There are very, very few motorcycle shops on the Island...I found two. So things like chain spray are quite hard to get hold of.

I took out a can of dry condition chain spray....the weather was warm and dry for almost the entire 2 weeks. ( a big can ) and this lasted the entire trip....I did about 7400km on the island.

I learnt quite rapidly though that when travelling into the interior or anywhere else that involved volcanic, dusty trails that you have to run your chain completely dry....other wise the talcom powder like dust turns your chain into a unfexing, waxy mess. I ran the chain dry for nearly the entire 2 weeks ( 7000km )without problems.....but bear in mind I have a low powered 650cc.

Engine Oil

Not much of a problem to locate, most big garages had a selection of semi and full sythetic bike oil....full mineral oil like in older BMWs was harder to get.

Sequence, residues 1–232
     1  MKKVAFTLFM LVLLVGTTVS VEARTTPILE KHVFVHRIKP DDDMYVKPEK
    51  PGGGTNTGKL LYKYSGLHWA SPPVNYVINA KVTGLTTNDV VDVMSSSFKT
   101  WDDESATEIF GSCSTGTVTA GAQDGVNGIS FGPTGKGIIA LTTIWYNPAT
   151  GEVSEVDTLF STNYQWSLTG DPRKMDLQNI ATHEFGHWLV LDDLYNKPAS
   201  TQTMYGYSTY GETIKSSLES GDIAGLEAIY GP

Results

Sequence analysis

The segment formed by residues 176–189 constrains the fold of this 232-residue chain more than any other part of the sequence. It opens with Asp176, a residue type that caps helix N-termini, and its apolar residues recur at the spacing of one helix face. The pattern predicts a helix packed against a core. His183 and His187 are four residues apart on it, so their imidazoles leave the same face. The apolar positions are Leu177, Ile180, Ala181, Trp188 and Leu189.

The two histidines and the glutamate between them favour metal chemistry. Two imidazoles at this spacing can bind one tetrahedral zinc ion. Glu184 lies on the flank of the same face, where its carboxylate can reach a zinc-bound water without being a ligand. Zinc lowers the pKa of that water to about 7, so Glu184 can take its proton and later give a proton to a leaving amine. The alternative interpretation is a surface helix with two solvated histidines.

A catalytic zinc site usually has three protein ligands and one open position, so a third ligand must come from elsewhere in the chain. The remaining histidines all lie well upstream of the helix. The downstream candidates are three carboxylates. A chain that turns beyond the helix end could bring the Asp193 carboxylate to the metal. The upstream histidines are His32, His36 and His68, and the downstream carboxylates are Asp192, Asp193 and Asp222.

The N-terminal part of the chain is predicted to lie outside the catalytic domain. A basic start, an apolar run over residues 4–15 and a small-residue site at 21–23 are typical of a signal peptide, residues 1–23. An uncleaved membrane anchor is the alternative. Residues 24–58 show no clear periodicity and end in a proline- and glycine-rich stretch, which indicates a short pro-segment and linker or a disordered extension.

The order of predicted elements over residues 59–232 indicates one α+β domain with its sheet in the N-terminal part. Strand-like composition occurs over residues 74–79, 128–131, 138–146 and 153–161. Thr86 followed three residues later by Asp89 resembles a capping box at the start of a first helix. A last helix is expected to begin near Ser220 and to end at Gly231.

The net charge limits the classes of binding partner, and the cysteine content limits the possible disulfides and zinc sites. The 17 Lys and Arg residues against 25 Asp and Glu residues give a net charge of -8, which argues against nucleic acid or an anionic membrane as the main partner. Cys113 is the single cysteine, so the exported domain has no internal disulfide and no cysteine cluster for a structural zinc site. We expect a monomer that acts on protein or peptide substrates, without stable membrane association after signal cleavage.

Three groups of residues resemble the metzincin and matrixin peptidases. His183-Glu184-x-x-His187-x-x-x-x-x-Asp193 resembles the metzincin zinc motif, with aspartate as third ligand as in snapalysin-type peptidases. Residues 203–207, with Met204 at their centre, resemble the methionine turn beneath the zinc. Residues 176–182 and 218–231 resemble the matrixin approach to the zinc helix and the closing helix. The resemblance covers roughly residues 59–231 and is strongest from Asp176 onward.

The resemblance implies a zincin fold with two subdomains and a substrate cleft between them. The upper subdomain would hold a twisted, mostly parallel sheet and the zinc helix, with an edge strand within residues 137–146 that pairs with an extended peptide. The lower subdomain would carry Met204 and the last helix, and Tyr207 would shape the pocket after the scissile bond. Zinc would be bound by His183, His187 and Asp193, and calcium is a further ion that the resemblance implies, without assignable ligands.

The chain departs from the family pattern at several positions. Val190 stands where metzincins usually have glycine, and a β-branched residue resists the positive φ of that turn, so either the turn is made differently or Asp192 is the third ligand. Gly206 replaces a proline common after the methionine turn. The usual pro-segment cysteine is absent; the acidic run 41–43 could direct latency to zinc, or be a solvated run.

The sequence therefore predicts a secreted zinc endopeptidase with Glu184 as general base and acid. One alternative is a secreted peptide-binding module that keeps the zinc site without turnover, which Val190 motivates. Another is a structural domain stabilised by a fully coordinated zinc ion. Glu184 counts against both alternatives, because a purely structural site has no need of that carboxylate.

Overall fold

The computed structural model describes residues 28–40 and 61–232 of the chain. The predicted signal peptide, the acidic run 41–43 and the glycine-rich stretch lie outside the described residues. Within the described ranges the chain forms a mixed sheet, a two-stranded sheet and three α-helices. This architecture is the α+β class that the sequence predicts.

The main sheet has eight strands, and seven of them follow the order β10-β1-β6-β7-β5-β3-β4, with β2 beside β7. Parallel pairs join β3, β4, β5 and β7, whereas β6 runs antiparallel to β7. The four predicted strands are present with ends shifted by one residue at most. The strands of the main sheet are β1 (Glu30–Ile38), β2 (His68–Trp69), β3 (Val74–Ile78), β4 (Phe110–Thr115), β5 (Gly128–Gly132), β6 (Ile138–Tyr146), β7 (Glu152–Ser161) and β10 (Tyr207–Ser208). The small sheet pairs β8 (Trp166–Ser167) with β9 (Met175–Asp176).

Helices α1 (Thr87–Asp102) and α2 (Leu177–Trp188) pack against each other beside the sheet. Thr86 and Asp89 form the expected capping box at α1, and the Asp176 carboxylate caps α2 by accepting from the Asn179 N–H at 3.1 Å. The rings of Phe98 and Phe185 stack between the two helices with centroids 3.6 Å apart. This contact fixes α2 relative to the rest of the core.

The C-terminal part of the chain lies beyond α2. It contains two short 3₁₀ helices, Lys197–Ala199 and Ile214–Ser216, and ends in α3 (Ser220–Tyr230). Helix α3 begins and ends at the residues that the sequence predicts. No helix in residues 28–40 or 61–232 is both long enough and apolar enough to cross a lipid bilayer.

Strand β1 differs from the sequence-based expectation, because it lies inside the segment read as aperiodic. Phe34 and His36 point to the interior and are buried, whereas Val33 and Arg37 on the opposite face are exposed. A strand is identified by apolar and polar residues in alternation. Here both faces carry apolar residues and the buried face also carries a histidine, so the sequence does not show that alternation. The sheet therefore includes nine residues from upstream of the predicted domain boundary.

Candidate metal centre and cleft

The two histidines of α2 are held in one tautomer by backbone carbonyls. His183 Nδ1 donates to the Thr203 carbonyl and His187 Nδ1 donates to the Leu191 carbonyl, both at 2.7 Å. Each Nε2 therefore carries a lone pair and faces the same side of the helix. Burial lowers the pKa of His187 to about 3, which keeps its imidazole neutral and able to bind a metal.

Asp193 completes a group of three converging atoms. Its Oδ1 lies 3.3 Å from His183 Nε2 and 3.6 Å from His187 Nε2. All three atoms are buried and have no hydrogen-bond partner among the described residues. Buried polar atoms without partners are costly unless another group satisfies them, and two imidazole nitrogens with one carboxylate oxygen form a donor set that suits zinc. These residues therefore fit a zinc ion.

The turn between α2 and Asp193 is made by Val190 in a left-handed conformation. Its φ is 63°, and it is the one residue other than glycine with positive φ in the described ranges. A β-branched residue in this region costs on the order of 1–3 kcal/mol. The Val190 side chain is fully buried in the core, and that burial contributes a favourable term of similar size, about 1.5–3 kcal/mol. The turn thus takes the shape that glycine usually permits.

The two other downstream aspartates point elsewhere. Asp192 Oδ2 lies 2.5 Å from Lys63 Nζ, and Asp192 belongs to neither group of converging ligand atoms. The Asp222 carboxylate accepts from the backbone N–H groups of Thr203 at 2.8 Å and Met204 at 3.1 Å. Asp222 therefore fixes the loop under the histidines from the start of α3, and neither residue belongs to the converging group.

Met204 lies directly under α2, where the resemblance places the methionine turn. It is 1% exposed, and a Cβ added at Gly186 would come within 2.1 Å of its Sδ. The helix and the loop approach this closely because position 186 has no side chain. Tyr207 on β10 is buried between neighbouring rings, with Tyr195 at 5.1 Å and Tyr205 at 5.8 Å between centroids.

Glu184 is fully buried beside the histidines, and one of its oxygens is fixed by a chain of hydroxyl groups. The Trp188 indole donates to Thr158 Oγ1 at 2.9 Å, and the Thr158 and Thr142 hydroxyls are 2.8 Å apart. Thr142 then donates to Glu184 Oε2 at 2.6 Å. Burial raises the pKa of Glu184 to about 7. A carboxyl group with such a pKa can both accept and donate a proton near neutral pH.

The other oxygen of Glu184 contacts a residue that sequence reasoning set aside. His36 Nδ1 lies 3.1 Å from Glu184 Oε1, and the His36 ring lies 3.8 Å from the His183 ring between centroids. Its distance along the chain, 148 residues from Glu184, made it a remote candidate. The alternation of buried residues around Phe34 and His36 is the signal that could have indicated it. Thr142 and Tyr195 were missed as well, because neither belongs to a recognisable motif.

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Old 3 Sep 2013
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TYRES

I had a brand new set of TKC80s fitted to my bike at the start of the trip....I had another brand new rear carried as a spare.

I had to replaced my rear tyre after 8 days as it was almost bald, this might have been made worse by the damping on my bike starting to give up.

By the time I left the Island my new rear tyre was down to probally 3000km of life and the front TKC 80 was literally bald. I had to source another new set of road tyres as soon as I landed back in Denmark to continue my trip.

Heidaneau

These are the tyres that all the Icelandic boys and girls use on their bikes when off-roading, they prove to very tough for these unique conditions and are a lot cheaper to replace when the sharp rocks chew them up anyway.

Next time I go there, I will have a set fitted.
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  #6  
Old 3 Sep 2013
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Getting tyres for the Island and travelling up on road tyres to save wear.

TK MOTOR
Vandværksvej 16
9800 Hjorring, Denmark

http://www.tkmotor.dk/

Kontakt os - TK Motor

Get directions

+45 98 90 25 09